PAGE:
In data, admitting ‘I don’t know’ is a powerful thing. This admission opens all the possible doors in our search for an answer. Too often, we clutter and fog our approach and reduce the realm of possibilities with elements that come way too early in the process.
First comes experience—yes it’s an asset in funneling the answers efficiently but an overdose of it can lead to repeated patterns in analysis that may not fit the current need. Even if it is for an instant, we have to put that experience aside to open our spectrum. Second is ease or laziness. We all have our favorite data sources; the data sets we own or know by heart. Isn’t it convenient to spin great pivots and beautiful charts at speed of thought to explain, if not show off, data analytics even if the data is not the relevant one?
We are not hired to have it easy. Analysts are paid to provide the “right answer.” An easy or well-known metric is not synonymous with finding the right answer.
As I train and engage professionals every week in my classes, sessions and conferences, I see a new term rising up in data analytics: holistic. Based from the Greek word holos, which means ‘whole’, the theory of holism refers regarding nature as consisting of wholes. In data analytics, holistic refers to the theory that teams must expand the realm of investigation to ensure that no critical information is left behind.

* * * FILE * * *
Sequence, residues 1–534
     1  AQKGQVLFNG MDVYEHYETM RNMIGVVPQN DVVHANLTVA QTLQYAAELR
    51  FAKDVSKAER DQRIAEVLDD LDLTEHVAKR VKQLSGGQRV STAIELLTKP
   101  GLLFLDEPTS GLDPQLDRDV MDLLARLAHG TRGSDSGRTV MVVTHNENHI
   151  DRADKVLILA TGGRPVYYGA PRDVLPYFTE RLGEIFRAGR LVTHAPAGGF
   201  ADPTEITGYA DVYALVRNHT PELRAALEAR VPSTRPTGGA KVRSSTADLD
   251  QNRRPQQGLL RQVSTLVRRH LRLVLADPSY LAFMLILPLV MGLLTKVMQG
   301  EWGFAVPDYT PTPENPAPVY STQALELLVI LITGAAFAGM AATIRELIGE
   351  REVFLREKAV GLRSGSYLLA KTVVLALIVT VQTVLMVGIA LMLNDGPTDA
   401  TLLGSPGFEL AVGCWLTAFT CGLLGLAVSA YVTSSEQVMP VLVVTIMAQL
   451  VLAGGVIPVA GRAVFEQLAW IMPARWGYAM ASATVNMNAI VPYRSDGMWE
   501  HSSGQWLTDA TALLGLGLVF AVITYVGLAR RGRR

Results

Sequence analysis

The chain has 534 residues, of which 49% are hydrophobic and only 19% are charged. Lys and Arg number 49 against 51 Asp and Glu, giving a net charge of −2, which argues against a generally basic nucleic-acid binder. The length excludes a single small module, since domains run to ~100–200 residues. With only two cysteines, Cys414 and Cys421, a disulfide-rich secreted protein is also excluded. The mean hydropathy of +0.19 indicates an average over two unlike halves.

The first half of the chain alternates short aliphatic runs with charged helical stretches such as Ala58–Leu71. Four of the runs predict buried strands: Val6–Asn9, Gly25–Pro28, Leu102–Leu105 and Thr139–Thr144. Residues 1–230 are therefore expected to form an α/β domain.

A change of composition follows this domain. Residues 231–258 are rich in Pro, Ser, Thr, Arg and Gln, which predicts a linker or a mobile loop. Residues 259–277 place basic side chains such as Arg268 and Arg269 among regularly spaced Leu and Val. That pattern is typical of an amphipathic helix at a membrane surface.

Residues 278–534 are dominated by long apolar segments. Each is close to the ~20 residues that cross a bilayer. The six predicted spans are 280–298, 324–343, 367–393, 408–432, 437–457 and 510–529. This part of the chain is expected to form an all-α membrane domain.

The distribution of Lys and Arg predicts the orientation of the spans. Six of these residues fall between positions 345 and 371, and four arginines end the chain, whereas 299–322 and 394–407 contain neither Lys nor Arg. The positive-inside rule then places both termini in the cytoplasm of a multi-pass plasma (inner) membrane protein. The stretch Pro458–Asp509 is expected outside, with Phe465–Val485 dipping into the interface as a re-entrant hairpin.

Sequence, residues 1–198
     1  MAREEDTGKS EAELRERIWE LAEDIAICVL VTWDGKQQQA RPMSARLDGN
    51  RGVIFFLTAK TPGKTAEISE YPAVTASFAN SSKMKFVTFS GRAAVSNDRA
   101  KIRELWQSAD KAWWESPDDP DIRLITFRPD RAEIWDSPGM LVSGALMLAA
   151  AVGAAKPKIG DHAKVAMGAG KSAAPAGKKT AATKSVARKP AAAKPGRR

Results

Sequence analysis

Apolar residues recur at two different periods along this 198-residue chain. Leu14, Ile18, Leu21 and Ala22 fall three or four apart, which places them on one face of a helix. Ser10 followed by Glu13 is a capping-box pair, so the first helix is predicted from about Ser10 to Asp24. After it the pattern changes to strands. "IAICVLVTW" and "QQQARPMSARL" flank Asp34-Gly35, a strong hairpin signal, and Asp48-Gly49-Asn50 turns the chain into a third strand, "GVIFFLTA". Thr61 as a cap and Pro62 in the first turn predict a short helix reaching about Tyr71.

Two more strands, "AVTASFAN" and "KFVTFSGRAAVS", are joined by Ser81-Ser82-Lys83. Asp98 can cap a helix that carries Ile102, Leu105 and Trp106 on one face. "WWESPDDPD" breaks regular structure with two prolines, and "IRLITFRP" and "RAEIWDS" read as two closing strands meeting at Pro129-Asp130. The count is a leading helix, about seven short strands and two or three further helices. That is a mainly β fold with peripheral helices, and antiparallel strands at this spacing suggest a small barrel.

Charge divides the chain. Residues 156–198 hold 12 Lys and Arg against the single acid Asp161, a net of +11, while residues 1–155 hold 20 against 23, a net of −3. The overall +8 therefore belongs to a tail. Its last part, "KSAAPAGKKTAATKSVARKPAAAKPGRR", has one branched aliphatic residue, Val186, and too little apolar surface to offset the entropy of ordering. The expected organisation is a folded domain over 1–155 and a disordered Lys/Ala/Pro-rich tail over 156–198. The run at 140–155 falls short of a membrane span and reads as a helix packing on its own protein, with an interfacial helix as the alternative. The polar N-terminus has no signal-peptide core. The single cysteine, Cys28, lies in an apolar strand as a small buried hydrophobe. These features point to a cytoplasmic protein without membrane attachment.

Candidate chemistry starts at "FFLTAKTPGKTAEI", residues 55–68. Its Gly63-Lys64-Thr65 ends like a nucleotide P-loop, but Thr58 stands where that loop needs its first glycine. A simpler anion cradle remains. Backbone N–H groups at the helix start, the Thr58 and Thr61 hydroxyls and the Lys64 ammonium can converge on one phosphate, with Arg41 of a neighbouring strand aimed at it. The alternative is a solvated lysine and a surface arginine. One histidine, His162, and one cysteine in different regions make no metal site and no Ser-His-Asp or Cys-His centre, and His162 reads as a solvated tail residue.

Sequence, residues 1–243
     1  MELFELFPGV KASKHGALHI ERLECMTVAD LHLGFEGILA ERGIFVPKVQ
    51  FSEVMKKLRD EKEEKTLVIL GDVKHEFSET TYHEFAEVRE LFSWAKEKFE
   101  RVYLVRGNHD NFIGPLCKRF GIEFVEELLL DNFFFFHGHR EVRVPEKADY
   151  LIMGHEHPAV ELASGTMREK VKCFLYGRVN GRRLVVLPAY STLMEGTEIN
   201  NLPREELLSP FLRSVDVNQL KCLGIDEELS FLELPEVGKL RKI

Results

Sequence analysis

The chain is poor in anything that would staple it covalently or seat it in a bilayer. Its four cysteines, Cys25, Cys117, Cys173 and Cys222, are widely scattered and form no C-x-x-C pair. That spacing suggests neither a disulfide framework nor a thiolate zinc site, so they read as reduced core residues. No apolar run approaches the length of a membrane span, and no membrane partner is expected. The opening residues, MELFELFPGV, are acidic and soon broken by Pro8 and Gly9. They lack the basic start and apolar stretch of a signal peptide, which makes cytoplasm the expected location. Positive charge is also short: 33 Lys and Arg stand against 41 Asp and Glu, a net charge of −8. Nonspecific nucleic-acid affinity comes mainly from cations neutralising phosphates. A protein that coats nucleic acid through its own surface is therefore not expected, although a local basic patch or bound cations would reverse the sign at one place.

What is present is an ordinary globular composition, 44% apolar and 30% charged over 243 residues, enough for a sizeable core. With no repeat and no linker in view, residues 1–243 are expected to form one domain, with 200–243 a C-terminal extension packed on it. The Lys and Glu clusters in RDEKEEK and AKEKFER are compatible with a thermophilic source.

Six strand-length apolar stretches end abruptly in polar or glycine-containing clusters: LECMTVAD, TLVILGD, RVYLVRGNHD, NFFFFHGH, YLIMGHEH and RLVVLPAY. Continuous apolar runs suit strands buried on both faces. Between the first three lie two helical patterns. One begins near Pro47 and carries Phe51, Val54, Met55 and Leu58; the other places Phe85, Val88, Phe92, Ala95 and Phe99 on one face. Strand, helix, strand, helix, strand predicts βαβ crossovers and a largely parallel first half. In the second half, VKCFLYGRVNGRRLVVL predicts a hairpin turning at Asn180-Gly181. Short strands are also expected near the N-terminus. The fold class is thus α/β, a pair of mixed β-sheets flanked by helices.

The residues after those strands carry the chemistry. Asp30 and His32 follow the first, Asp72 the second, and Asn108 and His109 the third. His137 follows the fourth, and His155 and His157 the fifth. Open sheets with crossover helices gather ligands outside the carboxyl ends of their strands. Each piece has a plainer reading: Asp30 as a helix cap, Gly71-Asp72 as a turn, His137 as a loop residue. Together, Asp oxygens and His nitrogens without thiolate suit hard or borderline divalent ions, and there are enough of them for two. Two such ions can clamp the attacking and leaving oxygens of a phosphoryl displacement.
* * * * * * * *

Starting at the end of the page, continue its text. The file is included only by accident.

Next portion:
We must ask ourselves, how can we be holistic if we are blinded by our own habits? How can we be holistic if we succumb to the instantiations? The best first step is to start with I don’t know and follow it with let’s find out.
By not dismissing any options, hypothesis or, as a consequence, any data, we are able to capture what was so far undetected or invisible. With the help of statistics and analytics, this ‘I don’t know’ starting point can be supplemented with the detection of patterns, clusters and correlations that can make our life easier by identifying the drivers of the problems we are trying to solve.
Last but not least, starting with I don’t know prepares us for the big data analytics leap of faith. It prepares us to go beyond the known-knowns, and embrace not only the unknown-knowns, but the unknown-unknowns.
By being upfront and honest with ourselves, as well as showing humility and grit to answer it puts us in a good situation to welcome all the things we hadn’t thought about. Instead of being the fool that never saw or ignored that incoming train, we become the pragmatic data-driven manager that knows that well processed data never lies and should always be considered.